Originally Posted by thedoctor
For a external drive, if I write
sudo swapoff -a
sudo dd if=/dev/sda | gzip > /path/to/storage/sdb1.dd.gz
sudo gzip -dc /path/to/storage/sdb1.dd.gz | dd of=/dev/sda
sudo swapon -a
Is the above correct.
That sort of thing will work, but seems to show that you still have some confusion about what the commands are doing.
It is good that you try to understand the commands before you use them.
for more information - enter
the important command starts "sudo dd" - that is the bit where the drive gets imaged. I'll break it down in steps for you so you understand better:
- because you need to be root in order to access a /dev file.
"if" means "input file", here we want to use /dev/sda - the entire internal hard drive - as the input. dd will read it in as pure binary, without trying to figure out what it is supposed to be. The drive needs to be unmounted to make a clean image.
| gzip > /path/to/storage/zipfilename.gz
the | is called a "pipe", which puts the output of the program in front of it into the input of the program after it. In this case, it takes the raw binary image of dd and puts it into gzip.
the > is also a pipe, but instead of a pipe to a program, it is a pipe to a file. So it's job here is to tell gzip where to put the resulting zip file. You can call the zip file anything you want, but it is helpful to make "zipfilename" something meaningful.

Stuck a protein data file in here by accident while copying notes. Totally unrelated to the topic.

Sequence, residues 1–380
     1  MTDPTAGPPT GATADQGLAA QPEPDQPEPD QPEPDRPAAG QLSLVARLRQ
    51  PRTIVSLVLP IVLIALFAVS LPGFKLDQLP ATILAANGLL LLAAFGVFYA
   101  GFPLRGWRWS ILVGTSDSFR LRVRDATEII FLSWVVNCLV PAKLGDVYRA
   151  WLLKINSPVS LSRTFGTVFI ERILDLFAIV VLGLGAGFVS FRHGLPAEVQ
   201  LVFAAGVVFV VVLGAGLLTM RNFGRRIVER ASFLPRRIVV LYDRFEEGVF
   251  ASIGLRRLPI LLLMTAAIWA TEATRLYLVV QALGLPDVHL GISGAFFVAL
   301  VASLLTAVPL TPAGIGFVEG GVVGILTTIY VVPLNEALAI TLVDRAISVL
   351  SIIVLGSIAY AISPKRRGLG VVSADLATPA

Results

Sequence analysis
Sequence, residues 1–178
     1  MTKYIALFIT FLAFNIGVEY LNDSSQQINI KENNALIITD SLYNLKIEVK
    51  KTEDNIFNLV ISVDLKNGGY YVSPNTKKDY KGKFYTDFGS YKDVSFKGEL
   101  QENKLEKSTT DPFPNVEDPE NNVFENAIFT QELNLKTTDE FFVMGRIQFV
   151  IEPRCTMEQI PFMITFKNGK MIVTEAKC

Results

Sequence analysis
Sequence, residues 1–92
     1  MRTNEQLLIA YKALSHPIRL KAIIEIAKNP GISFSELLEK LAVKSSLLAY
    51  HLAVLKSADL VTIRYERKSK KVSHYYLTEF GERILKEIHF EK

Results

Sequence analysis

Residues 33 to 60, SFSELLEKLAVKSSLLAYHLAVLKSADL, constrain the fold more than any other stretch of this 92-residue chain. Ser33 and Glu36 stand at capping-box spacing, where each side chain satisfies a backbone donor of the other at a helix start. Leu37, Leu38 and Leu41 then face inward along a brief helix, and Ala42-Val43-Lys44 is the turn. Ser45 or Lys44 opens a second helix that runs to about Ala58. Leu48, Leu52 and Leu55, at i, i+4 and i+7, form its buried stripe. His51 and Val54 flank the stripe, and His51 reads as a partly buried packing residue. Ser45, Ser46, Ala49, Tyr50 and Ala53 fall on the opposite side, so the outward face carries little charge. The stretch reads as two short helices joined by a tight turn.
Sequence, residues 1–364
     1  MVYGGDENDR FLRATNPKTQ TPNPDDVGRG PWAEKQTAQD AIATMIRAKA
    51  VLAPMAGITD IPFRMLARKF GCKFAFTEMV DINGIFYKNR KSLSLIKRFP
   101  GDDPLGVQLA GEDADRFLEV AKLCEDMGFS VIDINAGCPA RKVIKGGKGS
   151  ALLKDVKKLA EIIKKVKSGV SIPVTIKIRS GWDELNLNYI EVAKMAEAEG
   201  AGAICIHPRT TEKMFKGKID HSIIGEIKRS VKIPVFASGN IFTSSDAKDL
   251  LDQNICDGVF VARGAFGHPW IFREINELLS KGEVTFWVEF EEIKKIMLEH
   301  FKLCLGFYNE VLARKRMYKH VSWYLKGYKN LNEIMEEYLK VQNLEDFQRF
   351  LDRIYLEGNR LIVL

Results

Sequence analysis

In this case, the file is a zip the image of sda created by dd, which is why I called it sda.dd.gz - but you can call it anything.
/path/to/storage/ is the absolute path to the filesystem you want to store the zip file in. If you use an external device, then this is the path to where the devices filesystem is mounted. That is going to be different for different systems, so you need to sort this out yourself.
Often, when you plug a removable device in, the OS will mount it for you in the /media directory. Go look. My system mounts my external drive as /media/usbdrive0 so, for me, /path/to/storage/ = /media/usbdrive0/ but yours will be different.
The reason we are piping the output directly to a storage medium is that you are running these commands from a live distro - running in RAM. It is unlikely you will have enough RAM to store the image. You can always cd into the directory you want the image to end up in first, in which case you can leave out the /path/to/storage/ part - which seems to be confusing you.